Perfected paint keeps aircraft flying

Aircraft surface finisher Corporal Kelvin Green is all smiles as the tail art on a No. 37 squadron C-130H Hercules is unmasked.

Soon after posting into No. 36 Squadron, Corporal Kelvin Green noticed a problem with the C-17A Globemaster’s paint.

“I look at every aircraft in detail – I can spot a repair and can tell if paint is not going to last,” he said.

Corporal Green noticed paint was delaminating about three months after returning from a full repaint in the United States, instead of lasting five to seven years.

When he realised this was causing an increasing workload, Corporal Green wrote a defect report including how to rectify the problem.

Boeing sent a team of scientists and engineers to inspect the aircraft and test Corporal Green’s theories.

“It turns out I was correct,” he said. 

“They took their findings back and made significant changes.”

No. 86 Wing sent Corporal Green to the United States to inspect the first Royal Australian Air Force C-17A painted after the changes.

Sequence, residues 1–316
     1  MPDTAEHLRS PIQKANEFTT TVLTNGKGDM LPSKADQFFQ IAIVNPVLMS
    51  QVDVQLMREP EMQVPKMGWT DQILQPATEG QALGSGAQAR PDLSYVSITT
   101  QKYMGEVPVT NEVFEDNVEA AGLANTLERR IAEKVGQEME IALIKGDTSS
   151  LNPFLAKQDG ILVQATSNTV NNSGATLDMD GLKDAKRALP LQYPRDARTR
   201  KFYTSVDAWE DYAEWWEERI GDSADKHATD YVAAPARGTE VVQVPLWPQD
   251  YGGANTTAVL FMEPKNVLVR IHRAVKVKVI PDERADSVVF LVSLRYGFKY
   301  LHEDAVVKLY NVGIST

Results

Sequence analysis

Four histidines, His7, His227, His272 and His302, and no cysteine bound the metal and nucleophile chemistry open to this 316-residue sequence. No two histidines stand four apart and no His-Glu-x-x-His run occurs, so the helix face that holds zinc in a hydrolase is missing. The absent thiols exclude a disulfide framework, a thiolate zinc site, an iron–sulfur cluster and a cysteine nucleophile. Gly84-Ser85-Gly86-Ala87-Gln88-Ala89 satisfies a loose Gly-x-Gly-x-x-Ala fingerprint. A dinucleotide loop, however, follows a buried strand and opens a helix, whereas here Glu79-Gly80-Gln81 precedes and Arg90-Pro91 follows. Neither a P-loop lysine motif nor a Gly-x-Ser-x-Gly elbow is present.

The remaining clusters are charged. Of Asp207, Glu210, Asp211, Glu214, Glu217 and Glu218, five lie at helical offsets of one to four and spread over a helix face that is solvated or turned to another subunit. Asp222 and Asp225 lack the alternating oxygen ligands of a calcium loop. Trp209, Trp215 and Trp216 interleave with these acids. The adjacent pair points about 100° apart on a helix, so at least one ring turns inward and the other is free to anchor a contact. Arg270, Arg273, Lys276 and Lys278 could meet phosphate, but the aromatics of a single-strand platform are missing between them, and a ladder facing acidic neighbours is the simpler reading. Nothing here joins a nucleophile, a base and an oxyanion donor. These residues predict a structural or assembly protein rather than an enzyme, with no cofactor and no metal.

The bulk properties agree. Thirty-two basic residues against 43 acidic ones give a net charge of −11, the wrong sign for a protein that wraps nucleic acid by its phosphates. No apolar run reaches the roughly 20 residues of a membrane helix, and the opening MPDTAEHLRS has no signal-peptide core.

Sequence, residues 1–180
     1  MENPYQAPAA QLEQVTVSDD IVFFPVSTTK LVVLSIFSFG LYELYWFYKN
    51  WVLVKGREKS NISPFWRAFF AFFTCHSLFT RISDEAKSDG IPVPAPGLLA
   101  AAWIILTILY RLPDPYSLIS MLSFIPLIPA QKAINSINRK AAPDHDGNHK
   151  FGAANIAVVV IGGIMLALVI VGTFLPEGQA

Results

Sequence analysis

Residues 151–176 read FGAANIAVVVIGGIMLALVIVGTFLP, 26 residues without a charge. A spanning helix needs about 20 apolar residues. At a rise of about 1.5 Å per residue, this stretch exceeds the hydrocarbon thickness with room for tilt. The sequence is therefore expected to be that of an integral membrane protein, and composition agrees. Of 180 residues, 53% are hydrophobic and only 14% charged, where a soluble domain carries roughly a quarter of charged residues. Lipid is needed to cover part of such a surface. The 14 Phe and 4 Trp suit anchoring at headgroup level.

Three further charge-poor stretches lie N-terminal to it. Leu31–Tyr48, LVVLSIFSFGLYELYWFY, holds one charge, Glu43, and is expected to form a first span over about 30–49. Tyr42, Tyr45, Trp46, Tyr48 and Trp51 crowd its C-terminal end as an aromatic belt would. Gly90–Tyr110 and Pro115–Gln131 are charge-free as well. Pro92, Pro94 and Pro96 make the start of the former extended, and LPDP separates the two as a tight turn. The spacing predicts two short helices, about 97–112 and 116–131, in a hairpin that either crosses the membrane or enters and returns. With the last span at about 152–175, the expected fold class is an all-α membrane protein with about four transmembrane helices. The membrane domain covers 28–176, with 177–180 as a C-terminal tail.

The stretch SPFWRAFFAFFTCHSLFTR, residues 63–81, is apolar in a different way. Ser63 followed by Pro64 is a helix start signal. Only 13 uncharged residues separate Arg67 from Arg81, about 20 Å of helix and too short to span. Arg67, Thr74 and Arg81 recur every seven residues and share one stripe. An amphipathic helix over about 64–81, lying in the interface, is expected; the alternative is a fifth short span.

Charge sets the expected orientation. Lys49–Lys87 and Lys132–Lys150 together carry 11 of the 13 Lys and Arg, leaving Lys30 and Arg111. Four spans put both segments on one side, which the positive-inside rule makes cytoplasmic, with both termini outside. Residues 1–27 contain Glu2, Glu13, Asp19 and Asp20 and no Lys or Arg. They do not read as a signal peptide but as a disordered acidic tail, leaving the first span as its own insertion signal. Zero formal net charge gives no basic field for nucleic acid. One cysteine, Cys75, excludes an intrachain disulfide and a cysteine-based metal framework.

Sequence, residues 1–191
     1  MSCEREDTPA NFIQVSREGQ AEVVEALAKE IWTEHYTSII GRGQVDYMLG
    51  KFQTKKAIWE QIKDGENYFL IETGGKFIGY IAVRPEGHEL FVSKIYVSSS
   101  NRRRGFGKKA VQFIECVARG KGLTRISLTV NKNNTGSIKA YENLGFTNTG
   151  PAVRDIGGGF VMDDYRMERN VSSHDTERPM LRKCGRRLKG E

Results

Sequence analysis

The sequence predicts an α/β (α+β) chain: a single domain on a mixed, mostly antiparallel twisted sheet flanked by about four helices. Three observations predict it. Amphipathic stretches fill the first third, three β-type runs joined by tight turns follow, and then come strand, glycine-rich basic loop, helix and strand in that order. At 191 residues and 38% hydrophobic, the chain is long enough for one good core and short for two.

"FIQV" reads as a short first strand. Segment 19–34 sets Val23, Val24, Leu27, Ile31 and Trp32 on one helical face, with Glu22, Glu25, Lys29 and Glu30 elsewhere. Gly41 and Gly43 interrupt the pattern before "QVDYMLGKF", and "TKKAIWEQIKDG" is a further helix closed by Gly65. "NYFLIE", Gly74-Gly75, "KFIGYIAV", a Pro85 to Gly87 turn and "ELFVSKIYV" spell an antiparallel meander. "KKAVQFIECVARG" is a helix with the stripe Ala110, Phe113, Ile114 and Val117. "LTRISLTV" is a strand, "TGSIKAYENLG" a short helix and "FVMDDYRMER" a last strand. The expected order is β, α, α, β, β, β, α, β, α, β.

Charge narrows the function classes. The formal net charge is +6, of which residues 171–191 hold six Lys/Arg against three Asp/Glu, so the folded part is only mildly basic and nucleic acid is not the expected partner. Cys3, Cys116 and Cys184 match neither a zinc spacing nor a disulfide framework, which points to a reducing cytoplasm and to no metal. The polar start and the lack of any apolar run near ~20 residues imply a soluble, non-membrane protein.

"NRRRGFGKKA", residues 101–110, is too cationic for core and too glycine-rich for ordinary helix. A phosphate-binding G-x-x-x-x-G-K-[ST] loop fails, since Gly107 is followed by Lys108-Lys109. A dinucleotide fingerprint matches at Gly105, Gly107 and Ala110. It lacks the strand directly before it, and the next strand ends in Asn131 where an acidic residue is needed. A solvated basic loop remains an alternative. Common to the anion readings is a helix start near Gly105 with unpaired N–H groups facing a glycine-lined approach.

“It was great to see my report on display for all Boeing’s aircraft surface finishers to see,” he said.

For his intervention, Corporal Green received a Conspicuous Service Medal in this year’s Australia Day Honours List.

Corporal Green said support and recognition from his chain of command made this possible.

“It’s always a battle convincing people that paint should be a priority as it does affect the aircraft life,” he said.

Corporal Green's paint knowledge resulted in improved availability and reduced costs over the life of all C-17As.

The citation said his “extraordinary” vigilance and professionalism had a positive impact on the C-17A fleet worldwide.

“To actually receive it is unbelievable; it has still not quite sunk in,” Corporal Green said.

“For my mustering, such a small mustering; it’s an absolute honour.”